Why Not Smoke ‘Em Since you Got ‘Em?: The “Boys of Satire” Returning to Work Much, Much Too Soon

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For an armchair sociologist and culture critic, I’m hilariously wrong about how people will behave.

When I heard that Stewart and Colbert were returning to the air just after the New Year, I had two responses: bafflement and fear. First, my bafflement.

Given the pace, the stress, the monstrous pressure of being funny four nights a week about stuff that had happened only hours before, I’d thought the ‘talent’ would be secretly thanking the gods for this unplanned vacation from their own success. I assumed that was why they were being so ostentatiously generous with their support of the writers – so they could stay out til spring and the big names could sleep for six months and luxuriate in their ignorance for a change. I pictured Colbert and Stewart showering their gleeful families every morning with confetti made of unread NY Times, then spending the day in their jammies ginning up fake emails from the network brass dissing the writers and threatening their families. Instead, these guys are so desperate to get back on the air, they’re willing to humiliate themselves to do so. I know these guys are innately funny, but nightly-broadcast-with-no-help funny? Why on earth are Letterman, Colbert et al so desperate to get back on the air?

Y’all know I love me some satire shows. So much so that, pre-strike, I worried about my boys spiraling into drugs, drinking and sordid sex scandals – VH1 Behind the Music-style – from all the pressure. Turns out that they’re as addicted to what they do as we are to watching them do it. I ‘spoze I shouldn’t be so surprised. God knows I churn out book after book, post after post for far less money and with every chance of being either ignored or excoriated (see: your comments). Wrong again. Note to self: performing is as much an irrestible calling as punditry. Who knew?

Now, my fear. I’d been trying to wean myself off television for a looong time now. With a personality as addictive as mine, It’s such a time waster; I want my kids to grow up watching only in moderation, unlike their mother. I’d sooner show you nude, secretly snapped photos of me than tell you what, and how much, I watch. So, once the strike hit, I cravenly made the plunge, knowing I wouldn’t miss much this time of year. Smugly, I dragged my ‘leventy-seven boxes back to the cable folks. You’d have thought I was donating both kidneys to Iraqi war refugees the way I carried on. No one expected the strike to be over before the end of January by which time I figured I’d have detox’d enough to resist the siren call of Battlestar Galactica, 30 Rock and…never mind. I couldn’t wait to lord my cultural ignorance over you lowly TV gawkers at dinner parties – “The Office? What office, I don’t understand. Oh. TV. I’m reading Proust” – obnoxious as those wankers who spend a semester abroad (in Canada) and come back pretending to have forgotten English.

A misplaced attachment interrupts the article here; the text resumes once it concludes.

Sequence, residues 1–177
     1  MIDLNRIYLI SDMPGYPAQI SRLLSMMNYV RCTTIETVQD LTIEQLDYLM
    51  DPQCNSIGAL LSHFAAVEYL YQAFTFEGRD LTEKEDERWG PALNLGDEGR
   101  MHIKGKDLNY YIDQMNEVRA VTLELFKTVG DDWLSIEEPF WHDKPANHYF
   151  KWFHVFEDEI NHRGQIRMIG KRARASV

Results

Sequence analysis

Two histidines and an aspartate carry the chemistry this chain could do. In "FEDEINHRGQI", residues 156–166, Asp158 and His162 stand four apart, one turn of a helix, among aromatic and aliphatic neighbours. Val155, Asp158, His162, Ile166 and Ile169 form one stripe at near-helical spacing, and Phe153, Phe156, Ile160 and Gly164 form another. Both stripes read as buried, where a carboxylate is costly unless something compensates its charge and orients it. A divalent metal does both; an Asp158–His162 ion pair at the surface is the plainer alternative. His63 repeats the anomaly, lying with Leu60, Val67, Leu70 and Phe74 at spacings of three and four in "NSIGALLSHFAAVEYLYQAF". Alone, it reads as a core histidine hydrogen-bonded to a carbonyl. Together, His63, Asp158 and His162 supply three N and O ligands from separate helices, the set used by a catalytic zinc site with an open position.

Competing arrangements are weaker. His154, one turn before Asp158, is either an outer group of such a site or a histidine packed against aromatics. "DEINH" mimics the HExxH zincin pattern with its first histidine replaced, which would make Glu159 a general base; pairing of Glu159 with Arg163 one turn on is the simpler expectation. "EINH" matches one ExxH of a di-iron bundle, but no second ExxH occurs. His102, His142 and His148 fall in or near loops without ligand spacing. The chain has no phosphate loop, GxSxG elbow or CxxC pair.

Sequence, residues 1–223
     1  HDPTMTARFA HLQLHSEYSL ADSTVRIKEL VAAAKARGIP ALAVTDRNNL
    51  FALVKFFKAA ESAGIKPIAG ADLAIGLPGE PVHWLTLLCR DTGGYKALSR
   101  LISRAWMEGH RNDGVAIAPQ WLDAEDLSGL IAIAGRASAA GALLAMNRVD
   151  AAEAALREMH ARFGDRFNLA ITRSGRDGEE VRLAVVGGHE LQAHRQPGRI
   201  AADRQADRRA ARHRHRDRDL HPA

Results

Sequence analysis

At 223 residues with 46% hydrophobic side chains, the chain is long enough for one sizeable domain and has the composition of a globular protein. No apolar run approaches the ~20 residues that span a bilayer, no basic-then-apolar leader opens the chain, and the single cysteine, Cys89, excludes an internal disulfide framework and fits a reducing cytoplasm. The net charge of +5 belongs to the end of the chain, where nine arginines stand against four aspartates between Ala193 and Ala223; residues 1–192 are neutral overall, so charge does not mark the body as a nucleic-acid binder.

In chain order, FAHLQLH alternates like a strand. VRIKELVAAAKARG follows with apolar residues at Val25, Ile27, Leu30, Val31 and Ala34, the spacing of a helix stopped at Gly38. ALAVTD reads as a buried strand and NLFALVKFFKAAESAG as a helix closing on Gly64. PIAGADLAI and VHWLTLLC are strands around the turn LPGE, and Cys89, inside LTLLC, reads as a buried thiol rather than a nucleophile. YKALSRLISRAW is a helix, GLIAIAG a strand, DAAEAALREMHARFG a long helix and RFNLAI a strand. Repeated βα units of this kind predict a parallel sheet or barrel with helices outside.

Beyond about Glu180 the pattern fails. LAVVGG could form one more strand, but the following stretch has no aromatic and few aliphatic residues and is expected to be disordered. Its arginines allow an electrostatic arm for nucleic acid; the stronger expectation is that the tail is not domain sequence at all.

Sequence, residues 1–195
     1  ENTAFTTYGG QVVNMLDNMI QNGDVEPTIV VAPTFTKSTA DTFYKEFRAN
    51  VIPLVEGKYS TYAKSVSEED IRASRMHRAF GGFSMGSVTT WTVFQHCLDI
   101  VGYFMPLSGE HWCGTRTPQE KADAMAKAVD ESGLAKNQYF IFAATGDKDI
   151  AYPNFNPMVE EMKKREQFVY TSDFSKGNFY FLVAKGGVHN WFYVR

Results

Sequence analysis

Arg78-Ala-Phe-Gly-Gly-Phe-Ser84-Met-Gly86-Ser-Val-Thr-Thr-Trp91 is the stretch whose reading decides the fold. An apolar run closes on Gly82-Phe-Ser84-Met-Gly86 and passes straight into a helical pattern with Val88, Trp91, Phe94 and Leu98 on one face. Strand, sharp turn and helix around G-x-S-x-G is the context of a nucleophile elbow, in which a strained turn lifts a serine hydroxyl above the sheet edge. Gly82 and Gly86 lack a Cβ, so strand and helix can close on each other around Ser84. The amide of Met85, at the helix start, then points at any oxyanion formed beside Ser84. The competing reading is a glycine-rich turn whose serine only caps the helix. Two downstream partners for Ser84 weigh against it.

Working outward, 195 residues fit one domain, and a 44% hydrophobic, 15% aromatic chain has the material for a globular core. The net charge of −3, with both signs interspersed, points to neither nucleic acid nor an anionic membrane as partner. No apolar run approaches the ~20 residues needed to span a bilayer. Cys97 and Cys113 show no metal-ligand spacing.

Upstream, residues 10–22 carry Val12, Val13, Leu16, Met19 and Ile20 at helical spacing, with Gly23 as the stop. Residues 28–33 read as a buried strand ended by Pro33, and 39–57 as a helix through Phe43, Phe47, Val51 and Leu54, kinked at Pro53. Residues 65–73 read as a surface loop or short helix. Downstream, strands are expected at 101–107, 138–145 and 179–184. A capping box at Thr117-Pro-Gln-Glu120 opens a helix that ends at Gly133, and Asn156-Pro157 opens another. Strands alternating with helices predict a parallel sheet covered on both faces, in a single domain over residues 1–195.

I could never have given up TV with late night satire still airing, never.

What the f*&^ am I supposed to do now?

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TIME IS RUNNING OUT!

We have an ambitious $350,000 online fundraising goal this month and it's truly crunch time: About 15 percent of our yearly online giving usually comes in during the final week of the year, and in "No Cute Headlines or Manipulative BS," we explain why we simply can't afford to come up short right now.

The bottom line: Corporations and powerful people with deep pockets will never sustain the type of journalism Mother Jones exists to do. And advertising or profit-driven ownership groups will never make time-intensive, in-depth reporting viable.

That's why donations big and small make up 74 percent of our budget this year. There is no backup to keep us going, no alternate revenue source, no secret benefactor. If readers don’t donate, we won’t be here. It's that simple.

And if you can help us out with a donation right now, all online gifts will be matched thanks to an incredibly generous matching gift pledge.

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